Greater tumor burden before CD19-targeted chimeric antigen receptor T-cell (CAR T) therapy predicts lower complete response rate and shorter overall survival (OS) in aggressive non-Hodgkin lymphoma (NHL). Recent patterns of failure studies identified lesion characteristics including size, SUV, and extranodal location as associated with post-CAR T failure.
Here we analyze the effect of bridging radiation-containing regimens (BRT) on pre-CAR T lesion- and patient-level characteristics and post-CAR T outcomes including patterns of failure.
Consecutive NHL patients irradiated between 30d pre-leukapheresis until CAR T infusion were reviewed. Metabolic tumor volume (MTV) was contoured with threshold SUV 4. First post-CAR T failures were categorized as pre-existing/new/mixed with respect to pre-CAR T disease, and in-field/marginal/distant with respect to BRT.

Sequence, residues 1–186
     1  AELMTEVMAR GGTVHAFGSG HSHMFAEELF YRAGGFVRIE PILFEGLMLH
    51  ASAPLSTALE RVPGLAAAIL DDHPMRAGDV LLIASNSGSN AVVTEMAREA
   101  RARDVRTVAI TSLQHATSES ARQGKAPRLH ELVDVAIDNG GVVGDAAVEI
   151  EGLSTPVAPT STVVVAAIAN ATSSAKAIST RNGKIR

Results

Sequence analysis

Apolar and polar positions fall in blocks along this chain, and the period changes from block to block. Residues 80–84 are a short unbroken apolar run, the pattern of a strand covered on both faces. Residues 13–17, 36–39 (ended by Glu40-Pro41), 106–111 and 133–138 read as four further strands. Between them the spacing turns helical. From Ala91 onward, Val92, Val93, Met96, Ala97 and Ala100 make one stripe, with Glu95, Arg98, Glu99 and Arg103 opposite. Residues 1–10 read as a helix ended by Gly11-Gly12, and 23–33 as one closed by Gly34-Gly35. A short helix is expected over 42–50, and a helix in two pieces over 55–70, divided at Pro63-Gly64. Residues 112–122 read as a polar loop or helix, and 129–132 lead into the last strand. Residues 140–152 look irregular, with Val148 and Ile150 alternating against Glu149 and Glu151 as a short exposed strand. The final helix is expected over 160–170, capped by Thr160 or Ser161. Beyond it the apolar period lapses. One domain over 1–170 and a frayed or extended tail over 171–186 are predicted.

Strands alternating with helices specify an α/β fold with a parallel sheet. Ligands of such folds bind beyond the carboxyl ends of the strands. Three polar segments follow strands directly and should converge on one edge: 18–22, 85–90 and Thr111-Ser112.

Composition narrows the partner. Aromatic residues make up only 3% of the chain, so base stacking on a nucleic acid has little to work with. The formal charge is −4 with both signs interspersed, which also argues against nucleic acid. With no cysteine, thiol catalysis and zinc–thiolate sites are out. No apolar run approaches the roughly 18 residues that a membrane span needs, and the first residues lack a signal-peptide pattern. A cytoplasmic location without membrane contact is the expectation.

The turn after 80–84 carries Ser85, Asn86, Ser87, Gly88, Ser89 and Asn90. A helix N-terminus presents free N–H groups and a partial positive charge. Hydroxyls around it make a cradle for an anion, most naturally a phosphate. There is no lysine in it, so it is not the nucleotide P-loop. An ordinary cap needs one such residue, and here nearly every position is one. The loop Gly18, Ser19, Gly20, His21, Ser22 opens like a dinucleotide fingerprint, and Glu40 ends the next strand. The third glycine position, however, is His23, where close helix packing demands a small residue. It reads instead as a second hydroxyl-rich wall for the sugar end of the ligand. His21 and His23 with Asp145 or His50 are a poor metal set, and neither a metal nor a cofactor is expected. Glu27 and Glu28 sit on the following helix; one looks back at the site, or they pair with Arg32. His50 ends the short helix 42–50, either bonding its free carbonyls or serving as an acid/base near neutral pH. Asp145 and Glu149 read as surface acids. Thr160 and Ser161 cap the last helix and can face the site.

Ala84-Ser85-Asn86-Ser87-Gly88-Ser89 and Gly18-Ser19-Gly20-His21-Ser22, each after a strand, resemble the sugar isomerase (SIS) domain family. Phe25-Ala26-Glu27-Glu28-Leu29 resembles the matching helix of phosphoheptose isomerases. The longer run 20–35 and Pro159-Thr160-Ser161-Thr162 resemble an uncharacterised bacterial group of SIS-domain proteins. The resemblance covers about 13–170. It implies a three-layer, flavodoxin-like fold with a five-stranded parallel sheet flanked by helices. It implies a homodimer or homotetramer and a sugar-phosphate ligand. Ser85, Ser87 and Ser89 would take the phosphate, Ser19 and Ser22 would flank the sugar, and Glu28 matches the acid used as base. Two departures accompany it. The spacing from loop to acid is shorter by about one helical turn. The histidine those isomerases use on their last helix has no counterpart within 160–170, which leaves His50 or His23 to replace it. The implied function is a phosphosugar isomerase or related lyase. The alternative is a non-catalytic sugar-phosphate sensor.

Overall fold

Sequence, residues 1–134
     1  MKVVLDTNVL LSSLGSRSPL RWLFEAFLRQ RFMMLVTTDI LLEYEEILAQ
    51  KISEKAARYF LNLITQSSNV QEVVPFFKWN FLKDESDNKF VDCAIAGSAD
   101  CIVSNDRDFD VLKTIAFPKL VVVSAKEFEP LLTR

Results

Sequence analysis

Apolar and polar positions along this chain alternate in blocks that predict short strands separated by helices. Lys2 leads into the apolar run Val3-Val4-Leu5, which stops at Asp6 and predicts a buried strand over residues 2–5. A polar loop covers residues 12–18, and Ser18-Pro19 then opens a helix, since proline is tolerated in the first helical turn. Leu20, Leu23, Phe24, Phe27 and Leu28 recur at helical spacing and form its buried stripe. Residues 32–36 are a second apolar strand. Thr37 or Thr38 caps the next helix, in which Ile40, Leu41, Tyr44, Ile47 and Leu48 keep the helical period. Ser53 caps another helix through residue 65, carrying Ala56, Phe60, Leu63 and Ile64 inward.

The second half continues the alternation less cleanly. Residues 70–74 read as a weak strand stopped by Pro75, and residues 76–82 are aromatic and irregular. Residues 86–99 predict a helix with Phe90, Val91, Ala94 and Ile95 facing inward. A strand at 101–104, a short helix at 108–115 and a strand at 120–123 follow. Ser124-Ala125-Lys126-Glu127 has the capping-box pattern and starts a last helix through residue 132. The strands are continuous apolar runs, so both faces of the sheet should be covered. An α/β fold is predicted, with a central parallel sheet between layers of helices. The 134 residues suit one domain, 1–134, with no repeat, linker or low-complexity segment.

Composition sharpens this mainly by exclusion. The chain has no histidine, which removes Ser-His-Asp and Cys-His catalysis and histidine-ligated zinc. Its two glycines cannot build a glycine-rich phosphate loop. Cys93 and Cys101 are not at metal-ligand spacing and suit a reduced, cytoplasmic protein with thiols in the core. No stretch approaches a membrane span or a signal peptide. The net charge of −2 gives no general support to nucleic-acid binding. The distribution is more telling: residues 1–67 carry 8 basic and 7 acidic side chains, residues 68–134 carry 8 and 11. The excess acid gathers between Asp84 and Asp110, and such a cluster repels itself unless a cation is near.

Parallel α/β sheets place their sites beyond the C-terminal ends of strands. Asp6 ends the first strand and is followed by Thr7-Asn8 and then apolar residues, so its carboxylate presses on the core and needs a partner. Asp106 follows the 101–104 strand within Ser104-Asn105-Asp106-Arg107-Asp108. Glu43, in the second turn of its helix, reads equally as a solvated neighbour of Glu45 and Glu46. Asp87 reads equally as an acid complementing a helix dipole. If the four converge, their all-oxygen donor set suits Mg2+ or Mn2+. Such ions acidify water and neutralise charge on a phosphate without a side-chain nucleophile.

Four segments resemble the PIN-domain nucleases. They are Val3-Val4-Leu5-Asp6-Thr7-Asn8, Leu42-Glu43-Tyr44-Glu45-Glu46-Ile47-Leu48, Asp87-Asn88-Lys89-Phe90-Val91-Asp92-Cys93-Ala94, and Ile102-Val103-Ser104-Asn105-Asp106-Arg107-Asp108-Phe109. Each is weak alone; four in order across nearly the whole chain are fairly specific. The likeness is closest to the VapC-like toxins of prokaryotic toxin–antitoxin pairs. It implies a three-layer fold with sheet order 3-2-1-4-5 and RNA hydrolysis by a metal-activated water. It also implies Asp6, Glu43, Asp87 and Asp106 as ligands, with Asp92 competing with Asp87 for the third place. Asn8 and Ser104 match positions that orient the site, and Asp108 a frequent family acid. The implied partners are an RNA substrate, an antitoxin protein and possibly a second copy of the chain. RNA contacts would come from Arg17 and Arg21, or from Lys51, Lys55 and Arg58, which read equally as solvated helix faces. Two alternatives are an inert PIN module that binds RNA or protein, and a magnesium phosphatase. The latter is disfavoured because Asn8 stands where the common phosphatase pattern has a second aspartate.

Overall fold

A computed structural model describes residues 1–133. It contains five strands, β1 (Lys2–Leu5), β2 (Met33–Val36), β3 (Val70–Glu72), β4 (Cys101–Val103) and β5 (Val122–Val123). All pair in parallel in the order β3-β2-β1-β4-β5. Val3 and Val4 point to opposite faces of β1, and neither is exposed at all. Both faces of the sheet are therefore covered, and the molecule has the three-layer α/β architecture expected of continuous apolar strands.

Forty-one patients with diffuse large B cell lymphoma (DLBCL; n=33), mantle cell (n=7) and Burkitt’s lymphoma (n=1) were identified. BRT significantly improved established high-risk parameters of post-CAR T progression including in-field median MTV (45.5 to 0.2cc; p<0.001) maximum SUV (18.1 to 4.4; p<0.001), diameter (5.5 to 3.2cm; p<0.001), and LDH (312 to 232; p=0.025). DLBCL patients with lower LDH post-BRT had improved progression-free survival (PFS; p=0.001). In DLBCL, first failures were new in 7/19, pre-existing in 5/19, and mixed in 7/19; with respect to BRT, 4/19 were in-field and 4/19 marginal. Post-CAR T survival was similar in patients with initially low vs. newly low MTV post-BRT using a statistically determined threshold of 16cc (PFS: 26 vs. 31mo; OS unreached for both).
BRT produced significant cytoreduction in diameter, SUV, MTV, and LDH, all predictors of poor post-CAR T outcomes. Similar progression-free and overall survival in patients with initially low MTV and those who newly achieved low MTV after BRT suggest BRT may “convert” poor-risk patients to better risk. In the future, response to BRT may allow for risk stratification and individualization of bridging strategies.

Copyright © 2022. Published by Elsevier Inc.